Mount Holyoke signs amicus brief

The July 6 guidance from ICE puts at risk the wellbeing, education, aspirations and freedom of Mount Holyoke College’s international students, as well as the millions of other students and graduates pursuing education and work in the U.S.

通过 Christian Feuerstein

Mount Holyoke College is joining an amicus brief in support of Harvard’s and MIT’s lawsuit challenging the forthcoming U. S. Immigration and Customs Enforcement (ICE) rules barring online study for international students. 

“My objection to this guidance is ideological and profound,” said President Sonya Stephens. “International students, faculty and staff have been an integral part of the Mount Holyoke community and of the intellectual and cultural life of the College since 1839.” 

The College joins other members of the Presidents’ Alliance on Higher Education and Immigration in signing the brief. The alliance called the guidance a “problematic and harmful policy” in a July 7, 2020, statement.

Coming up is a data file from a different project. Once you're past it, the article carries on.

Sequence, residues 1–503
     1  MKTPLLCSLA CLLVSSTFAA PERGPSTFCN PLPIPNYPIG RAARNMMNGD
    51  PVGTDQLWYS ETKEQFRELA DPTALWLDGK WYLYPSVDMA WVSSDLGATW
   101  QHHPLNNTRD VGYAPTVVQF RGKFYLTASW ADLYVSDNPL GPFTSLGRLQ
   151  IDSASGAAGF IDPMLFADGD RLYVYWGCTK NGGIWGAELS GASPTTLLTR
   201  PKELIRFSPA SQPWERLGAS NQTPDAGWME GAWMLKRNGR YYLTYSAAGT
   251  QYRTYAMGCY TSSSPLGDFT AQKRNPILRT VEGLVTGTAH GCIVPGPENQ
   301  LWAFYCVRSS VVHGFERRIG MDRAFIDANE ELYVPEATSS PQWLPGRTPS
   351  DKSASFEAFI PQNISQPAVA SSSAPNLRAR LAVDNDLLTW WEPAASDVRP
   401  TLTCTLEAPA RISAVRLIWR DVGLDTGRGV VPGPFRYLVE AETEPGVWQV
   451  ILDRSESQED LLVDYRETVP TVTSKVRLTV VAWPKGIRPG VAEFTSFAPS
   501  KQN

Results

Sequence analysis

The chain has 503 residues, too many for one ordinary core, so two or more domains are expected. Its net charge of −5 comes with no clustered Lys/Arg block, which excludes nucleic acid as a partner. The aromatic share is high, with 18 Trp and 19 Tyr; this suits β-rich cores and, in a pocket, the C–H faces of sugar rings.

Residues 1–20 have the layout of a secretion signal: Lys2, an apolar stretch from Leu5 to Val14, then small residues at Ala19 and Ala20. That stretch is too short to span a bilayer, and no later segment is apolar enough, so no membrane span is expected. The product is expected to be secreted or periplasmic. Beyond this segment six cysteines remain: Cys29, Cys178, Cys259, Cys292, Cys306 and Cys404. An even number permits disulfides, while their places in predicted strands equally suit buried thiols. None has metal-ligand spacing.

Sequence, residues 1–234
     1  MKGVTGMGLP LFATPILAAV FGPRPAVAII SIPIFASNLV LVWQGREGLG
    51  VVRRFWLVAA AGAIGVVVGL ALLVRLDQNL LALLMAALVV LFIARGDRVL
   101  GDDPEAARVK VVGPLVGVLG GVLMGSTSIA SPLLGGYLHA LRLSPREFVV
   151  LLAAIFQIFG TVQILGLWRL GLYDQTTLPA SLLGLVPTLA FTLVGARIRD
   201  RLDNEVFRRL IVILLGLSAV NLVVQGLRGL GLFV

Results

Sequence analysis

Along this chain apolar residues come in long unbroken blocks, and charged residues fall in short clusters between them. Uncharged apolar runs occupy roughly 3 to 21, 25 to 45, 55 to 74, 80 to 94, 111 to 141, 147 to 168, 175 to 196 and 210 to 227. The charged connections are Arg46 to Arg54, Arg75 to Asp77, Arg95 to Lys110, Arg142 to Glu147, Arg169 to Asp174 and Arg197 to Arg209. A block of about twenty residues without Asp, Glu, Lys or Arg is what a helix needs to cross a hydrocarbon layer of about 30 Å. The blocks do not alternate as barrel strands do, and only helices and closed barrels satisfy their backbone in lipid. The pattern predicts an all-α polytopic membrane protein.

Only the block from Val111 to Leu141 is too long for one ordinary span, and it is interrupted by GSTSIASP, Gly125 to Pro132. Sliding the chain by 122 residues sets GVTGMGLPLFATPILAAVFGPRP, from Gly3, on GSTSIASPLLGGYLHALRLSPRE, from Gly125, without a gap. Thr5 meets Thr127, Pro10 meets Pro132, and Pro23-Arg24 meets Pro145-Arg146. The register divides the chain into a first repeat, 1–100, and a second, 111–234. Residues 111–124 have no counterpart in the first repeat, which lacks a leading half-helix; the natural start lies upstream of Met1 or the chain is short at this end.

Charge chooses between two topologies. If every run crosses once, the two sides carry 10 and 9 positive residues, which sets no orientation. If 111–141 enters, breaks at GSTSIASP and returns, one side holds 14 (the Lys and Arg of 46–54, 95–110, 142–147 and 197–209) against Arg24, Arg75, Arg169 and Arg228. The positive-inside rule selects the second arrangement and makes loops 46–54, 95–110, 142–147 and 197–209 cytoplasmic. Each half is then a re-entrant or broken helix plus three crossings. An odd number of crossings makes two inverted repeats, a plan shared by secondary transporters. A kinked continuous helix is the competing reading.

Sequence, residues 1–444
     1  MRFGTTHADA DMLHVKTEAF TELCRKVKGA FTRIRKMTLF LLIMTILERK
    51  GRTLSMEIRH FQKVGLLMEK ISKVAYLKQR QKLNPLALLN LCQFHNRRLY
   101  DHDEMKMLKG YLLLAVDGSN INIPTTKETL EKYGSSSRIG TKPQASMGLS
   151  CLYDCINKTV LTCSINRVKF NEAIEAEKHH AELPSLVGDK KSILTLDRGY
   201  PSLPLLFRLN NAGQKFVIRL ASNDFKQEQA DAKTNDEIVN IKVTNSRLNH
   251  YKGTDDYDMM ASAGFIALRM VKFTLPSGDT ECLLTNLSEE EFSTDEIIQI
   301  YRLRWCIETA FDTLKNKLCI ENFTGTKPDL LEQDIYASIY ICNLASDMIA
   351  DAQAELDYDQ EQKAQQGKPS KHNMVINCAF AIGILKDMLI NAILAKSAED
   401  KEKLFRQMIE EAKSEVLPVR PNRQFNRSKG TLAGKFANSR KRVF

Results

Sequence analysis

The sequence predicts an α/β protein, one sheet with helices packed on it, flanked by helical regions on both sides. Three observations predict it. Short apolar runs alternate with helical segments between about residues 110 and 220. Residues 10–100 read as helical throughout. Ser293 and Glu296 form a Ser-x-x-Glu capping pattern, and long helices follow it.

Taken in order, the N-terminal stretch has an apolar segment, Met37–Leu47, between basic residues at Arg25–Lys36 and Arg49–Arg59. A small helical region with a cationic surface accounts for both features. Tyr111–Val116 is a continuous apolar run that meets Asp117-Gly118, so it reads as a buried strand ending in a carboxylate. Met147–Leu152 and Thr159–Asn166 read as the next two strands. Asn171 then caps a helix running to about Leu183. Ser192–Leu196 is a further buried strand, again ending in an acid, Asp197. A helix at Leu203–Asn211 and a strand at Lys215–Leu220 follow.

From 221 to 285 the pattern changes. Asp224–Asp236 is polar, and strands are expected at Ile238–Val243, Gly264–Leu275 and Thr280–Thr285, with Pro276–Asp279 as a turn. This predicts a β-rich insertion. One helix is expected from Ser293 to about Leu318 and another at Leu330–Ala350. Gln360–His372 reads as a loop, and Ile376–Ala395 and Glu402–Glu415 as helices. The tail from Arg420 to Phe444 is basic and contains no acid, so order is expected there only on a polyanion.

On July 8, 2020, President Stephens released a statement to the Mount Holyoke community reiterating her support for international students. In the statement, she outlined immediate plans to support international students, including prioritizing international students of all class years for on-campus housing for fall 2020 and encouraging the Massachusetts attorney general’s office to take legal action opposing the guidance. 

Additionally, Stephens said, the McCulloch Center for Global Initiatives would be monitoring all international students’ visa status. 

The College’s educational model for fall 2020 is designated as a hybrid curriculum, meaning that there will be sufficient in-person components for international students to meet ICE’s requirements. However, as it currently stands, the ICE guidance makes no allowance for instructional changes that might be implemented, such as during a widespread outbreak of COVID-19 on campus or in the surrounding community.